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The Buddha at Work - “Equanimity, or Trying to Get Through Bill McKibben's Eaarth Without Flipping Out”

Boy, I could use some equanimity right about now. After a lovely retreat weekend at the ID Project, combined with my son's birthday festivities and the joys of UFC 119, I'm back at work and my head is spinning. That's my current feeling-tone, spinning. Work work work, busy busy busy. Back to back to back conference calls since I walked in the door this morning. Agghhhh!!!! So much to do!

 

I was seesawing most of the weekend, too, I have to admit. I was reading Bill McKibben's Eaarth when I wasn't on the cushion, and it made me want to run away, to grab my wife and kids and head for the hills. Literally, because of the impending floodwaters.

This isn't a review; I've barely finished a third of it. But it's really frightening, so far! I've read many a book on the damage we've done to the environment, and what needs to happen in order to avoid catastrophe. But McKibben holds an entirely different attitude, at least through as much as I've read. He spends a good deal of time detailing the damage we've done to the environment, and also tells us that it's irreversible. Now, my hunch is that he provides some hope at some point in the book, but like I said, I haven't gotten that far, nor is this really about the book.

It's about my reaction to the book and to my workday today. I was flipping out while reading: This is it! That tornado in Park Slope was just the beginning. I need to sell my house while I still can and take my family somewhere safe, somewhere with high elevation and not too many people fighting over the remaining water. Each chapter made it worse, but because it was such a busy weekend, I was only able to read a chapter at a time.

Fortunately, the retreat made me keep coming back to the cushion––each time I found myself spinning, it was time to head back to the ID Project. And en route, I found a lovely Tara Brach podcast with an hour of teaching on equanimity––one of the four brahmaviharas. It was exactly what I needed, because I was  reacting  to the book which prevented me from actually acting in a skillful way. With equanimity, I might have chosen, for example, to see how the book turned out before making plans for my family's future that involved living in caves and trapping game. Granted, what McKibben was saying was frightening, but equanimity allows for me not to be embedded in that fright. Here's Sharon Salzberg on equanimity:

Equanimity draws to it and strengthens other liberating mind states. Buoyancy, an agility and pliancy of mind, gives us the ability to relate to each situation as if it were new, with lightness and sensitive resilience, instead of rigidly applying old standards and responses to it. Equanimity also strengthens deciseveness, straightness, honesty, and sincerity of mind, a lack of vacillation and unsettledness. It empowers faith or confidence, the capacity to trust in our actions and our being. Heartened by its inspiration, we resolutely cross the flood without hesitation or looking back. The mind remains tranquil and serene.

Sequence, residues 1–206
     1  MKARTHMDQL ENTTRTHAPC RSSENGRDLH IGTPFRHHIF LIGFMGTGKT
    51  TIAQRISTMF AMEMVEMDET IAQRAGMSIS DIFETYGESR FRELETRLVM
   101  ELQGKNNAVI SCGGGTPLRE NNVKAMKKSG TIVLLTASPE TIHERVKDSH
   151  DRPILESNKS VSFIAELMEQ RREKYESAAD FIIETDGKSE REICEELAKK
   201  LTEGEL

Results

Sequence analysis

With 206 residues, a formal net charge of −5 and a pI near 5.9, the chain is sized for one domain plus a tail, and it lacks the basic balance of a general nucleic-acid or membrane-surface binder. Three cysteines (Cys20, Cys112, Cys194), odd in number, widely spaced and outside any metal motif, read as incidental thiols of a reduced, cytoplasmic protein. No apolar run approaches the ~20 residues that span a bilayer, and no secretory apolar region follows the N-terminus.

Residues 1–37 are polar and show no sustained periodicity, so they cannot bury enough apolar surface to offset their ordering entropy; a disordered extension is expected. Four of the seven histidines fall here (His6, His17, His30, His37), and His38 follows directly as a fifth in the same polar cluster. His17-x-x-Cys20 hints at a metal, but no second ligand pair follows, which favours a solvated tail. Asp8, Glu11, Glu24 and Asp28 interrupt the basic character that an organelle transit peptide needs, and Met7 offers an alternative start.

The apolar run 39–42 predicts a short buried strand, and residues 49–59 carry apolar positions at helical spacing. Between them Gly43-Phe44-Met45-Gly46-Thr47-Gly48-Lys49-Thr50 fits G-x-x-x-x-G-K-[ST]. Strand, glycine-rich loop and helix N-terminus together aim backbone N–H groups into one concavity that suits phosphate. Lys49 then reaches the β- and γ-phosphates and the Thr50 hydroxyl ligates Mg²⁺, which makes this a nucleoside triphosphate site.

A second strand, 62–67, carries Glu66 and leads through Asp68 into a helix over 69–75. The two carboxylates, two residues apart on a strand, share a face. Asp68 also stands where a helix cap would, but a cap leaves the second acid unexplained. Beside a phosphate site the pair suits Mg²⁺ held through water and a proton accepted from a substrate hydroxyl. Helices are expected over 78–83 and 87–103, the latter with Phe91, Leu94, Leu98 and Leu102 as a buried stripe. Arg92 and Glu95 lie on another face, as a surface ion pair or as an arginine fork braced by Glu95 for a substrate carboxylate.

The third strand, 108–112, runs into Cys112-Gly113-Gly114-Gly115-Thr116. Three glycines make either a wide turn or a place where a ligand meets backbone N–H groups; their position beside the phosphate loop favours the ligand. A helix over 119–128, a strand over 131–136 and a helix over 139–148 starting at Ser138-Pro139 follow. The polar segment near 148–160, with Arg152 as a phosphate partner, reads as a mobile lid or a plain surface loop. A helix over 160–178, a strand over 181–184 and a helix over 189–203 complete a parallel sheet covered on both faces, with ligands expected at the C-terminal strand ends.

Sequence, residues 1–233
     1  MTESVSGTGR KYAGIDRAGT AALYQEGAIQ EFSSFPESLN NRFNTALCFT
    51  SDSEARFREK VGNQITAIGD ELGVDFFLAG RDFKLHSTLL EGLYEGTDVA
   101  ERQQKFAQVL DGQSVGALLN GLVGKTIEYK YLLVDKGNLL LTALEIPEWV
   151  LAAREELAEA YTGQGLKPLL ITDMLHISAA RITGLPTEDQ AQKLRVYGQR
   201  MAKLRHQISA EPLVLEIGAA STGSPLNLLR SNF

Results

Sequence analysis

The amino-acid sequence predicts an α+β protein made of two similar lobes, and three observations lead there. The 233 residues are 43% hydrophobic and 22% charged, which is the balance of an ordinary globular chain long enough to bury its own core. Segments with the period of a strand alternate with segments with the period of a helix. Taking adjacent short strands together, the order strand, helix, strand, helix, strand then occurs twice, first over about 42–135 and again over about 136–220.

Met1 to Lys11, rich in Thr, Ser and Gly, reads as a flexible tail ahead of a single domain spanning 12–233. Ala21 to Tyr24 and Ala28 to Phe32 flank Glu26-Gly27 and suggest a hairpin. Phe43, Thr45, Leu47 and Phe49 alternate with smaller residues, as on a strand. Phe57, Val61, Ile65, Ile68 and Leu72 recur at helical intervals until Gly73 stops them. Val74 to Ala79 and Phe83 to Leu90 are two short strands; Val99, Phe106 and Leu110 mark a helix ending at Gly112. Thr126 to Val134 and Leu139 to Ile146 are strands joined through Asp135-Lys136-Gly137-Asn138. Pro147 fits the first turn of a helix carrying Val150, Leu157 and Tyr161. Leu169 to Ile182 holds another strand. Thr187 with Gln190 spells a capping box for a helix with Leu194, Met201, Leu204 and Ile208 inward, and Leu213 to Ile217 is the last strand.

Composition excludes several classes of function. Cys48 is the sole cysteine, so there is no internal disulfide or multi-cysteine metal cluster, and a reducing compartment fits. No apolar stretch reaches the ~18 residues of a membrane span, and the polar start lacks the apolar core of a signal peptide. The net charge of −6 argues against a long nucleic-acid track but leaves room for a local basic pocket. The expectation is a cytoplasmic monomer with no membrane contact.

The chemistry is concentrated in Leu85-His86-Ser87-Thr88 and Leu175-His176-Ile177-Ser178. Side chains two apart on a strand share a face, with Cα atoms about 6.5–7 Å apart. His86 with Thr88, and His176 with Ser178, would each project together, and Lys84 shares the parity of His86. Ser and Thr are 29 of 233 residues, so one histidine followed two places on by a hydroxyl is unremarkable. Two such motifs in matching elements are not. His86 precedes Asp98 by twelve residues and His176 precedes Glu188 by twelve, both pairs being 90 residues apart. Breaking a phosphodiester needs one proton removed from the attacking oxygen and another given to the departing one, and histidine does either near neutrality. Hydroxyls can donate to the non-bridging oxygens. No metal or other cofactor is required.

To have the radiant calm and unswayed balance of mind that we call equanimity is to be like the earth. All kinds of things are cast upon the earth; beautiful and ugly things, frightful and lovable things, common and extraordinary things. The earth receives it all and quietly sustains its own integrity.”

Wow. I need me some of that. Especially with the coming floods.

Here's Brach:

We train our mind to notice what's going on. We train our mind to arrive again in equanimity where the anger might be there. The fear might be there. But instead of being  inside  it, we're aware of it.... instead of being inside the reactivity, we're aware of those tendencies.”

This presence has a quality of openness and balance, in the midst of the winds of life. So, usually our mind thinks that whatever's going on, we're trying to adjust it, or control it, or get somewhere else. Equanimity has the wisdom of completely being here...”

When we're in this space, there's a quality of steadiness, of wisdom, there's this capacity to tap into our deepest resources... there's a kind of inner silence and inner stillness that's more secure than any hiding place. Now I find this a really powerful invitation, 'cause we think we're going somewhere, when things get rough we think we need to make something happen, but there is this space within us that we can arrive in, that really taps us into true safety, and true strength, and true wisdom.”

That's what I need. Lightness and resilience. Openness and balance. Not so much reaction, not so much running for the hills. Action is required, but it's hard to take any skillful action when I'm spinning like a top. With some equanimity, I can tap into my deepest resources and do what's needed. Whether for the earth, or for my business.

As Thich Nhat Hanh teaches us:

"Breathing in, I experience equanimity in me. Breathing out, I smile to the equanimity in me."

And back to the cushion I go.

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Comments

equanimity indeed

Thanks for this. I've been giving the topic a lot of thought myself, possibly because of the very Brach talk you mention, and some well timed good news / bad news items that either make you leap for joy and hang your head in despair. As you say, though, any reaction can impede skillful action. Even joy, as pleasant as it is, can work against our ability to be aware. A good reminder to always have some level of equanimity at work or play.

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